“Agroecology for All: Initiatives in Malaysia” – EDUCATIONAL INSTITUTIONS

Head Master Sangga Sinnayah had left behind students who cared for the environment.

SANGGA SINAYAH: Integrating the Environment and Agriculture into the Lives of Students

For the past decade, former Head Master, Sangga Sinnayah has been receiving praise and accolades for his work in introducing agroecological concepts, instilling environmental awareness and practising organic farming in the schools he taught.

Although environmental education is progressively taking root in the education system in this millennium, Sangga remembers starting it back in 1983 during the early stint of his teaching career. Without the school’s knowledge, he took the children hiking.

He then went on to set up vegetable gardens in the school and broadened his activities to include other environmental features as well.

“I could not figure out what pushed me towards this. The environment I was raised in as a child instilled in me the value of respecting nature. Nature has given me immense pleasure. My house was surrounded by a vegetable garden.

“Those days, chickens scurrying around and cows mooing and grazing were all common sights. At my place, bananas flourished throughout the year, and we gobbled the ripened bananas to our hearts’ content and shared them with our neighbours as well.

“Vegetables were free from toxic chemicals. Terms such as ‘organically grown’ and ‘organic food’ were unheard of. Everything we ate was so authentic and tasty. I think there was probably a deep desire within me to bring back those precious lifestyles,” reminisced Sangga.

When Sangga became a headmaster in 2009, he used his position to incorporate environmental education into the school he taught at. “Our education policy, in fact, has been formulated to inculcate a healthy lifestyle among students. It depends on the teachers’ discretion to interpret the policy and assimilate the environmental education accordingly to the benefit of children,” reiterated Sangga.

Sangga’s first vegetable garden was set up at SJK Tamil Changkat, Penang, in 2009. He planted a variety of vegetables and noticed that students were thrilled to learn the ins and outs of farming.

Former Head Master, Sangga Sinnayah started incorporating environmental education into the curriculum, four decades ago.

Environmental and farming activities were more extensive at Sungai Ara Tamil School, where he served from 2011 to 2019. Together with vegetables, the teachers and students planted banana trees, which became a source of income for the school.

Traditional Malaysian foods such as banana stem and flower, and tapioca sell well due to their high nutritional value. The income the school earns through the sale of these vegetables reaches up to RM1,000 to RM2,000 per month.

The Consumers Association of Penang’s guidance came in handy in the preparation of growth promoters such as pancakavya and fish amino acid, which ensured the healthy growth of the plants.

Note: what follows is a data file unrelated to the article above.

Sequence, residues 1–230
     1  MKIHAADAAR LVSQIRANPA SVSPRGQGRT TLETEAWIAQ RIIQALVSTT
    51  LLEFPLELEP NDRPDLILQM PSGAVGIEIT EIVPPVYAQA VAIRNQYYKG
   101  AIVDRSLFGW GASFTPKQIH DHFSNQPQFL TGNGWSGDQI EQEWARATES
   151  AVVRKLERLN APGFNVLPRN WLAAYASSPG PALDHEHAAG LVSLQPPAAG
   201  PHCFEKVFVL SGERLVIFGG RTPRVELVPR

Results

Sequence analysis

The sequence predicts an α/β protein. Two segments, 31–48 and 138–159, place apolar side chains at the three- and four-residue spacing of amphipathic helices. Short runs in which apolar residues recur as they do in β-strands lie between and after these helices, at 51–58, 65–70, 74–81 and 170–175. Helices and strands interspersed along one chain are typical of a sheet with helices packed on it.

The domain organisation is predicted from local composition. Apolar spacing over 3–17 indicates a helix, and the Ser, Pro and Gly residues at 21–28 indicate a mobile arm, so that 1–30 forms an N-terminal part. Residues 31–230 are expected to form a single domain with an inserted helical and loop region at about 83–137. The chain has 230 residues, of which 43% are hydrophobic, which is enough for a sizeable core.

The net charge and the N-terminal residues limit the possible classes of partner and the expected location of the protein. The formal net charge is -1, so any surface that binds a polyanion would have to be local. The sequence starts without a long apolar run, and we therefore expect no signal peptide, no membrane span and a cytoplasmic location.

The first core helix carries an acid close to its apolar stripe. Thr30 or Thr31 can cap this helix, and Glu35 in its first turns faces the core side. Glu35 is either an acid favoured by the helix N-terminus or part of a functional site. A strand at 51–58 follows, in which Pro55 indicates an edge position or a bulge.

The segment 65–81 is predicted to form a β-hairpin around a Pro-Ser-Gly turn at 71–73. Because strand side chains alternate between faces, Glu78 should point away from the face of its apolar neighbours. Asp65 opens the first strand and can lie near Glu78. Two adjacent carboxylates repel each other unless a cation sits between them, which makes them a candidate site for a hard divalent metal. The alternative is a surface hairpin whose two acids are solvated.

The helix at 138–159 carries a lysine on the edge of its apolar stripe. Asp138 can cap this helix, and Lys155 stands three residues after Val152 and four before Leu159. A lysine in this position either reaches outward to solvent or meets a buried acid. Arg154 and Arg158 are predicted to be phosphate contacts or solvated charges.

“Students enjoyed the environmental activities the most because it was a sort of respite for them from the cocoon of apartment dwellings and the drudgery of the exam oriented education system.

“During the activities, they let go of themselves, experimented with planting, enjoyed the growth of their plants, were thrilled at harvesting their own vegetables, learned to cook in the open space, relished their own cooked meal, and later did the cleaning themselves.

All these boosted their confidence, instilled a sense of responsibility, and enhanced creativity and innovation. Not to deny, some parents were against this, but all was well when the school topped the primary exam for the whole of Penang State,” said Sangga. This in itself is proof of Sangga’s holistic approach.

Along with the farming activities, Sangga also runs zero-waste activities in his school. All the teachers and students in his school bring their own food containers. The school does not distribute mineral water bottles in any of its activities. Above all, the school reiterates the concept of refusing waste, which Sangga believes is the most important element in zero waste activities.

Saying “no” to any product when it was introduced to us would save a lot of time and energy in terms of finding ways and means to recycle or dispose of it. In fact, refusing is one of the easiest and most cost-effective ways to sustain the ecological system.

Students are involved in beach-cleaning activities.

It is an added advantage to the school as the activities implemented were also in line with the United Nations’ 17 sustainable development goals (SDGs), which include good health and well-being, quality education, sustainable cities and communities, responsible consumption and production, among others.

“SJK Tamil Sungai Ara successfully implemented 11 out of the 17 SDGs and, due to its achievement, it was the only school invited to participate as a special guest in the UN’s SDGs Summit held in Kuala Lumpur on the 6th of November 2019,” enthused Sangga.

Sangga retired from the teaching profession in June 2022. “I firmly believe retirement is the beginning of a new exploration. I had rented 10,000 square feet of land in Balik Pulau, Penang to do farming at my own pace.

This is a sort of solo trip on my part to connect peacefully with nature. I am all set to use this opportunity to learn the nuances of farming and further delve into nature. This is what I need after almost 4 decades of intense collaboration and communication with students, teachers and society at large,” summed up Sangga.

Agroecology Fund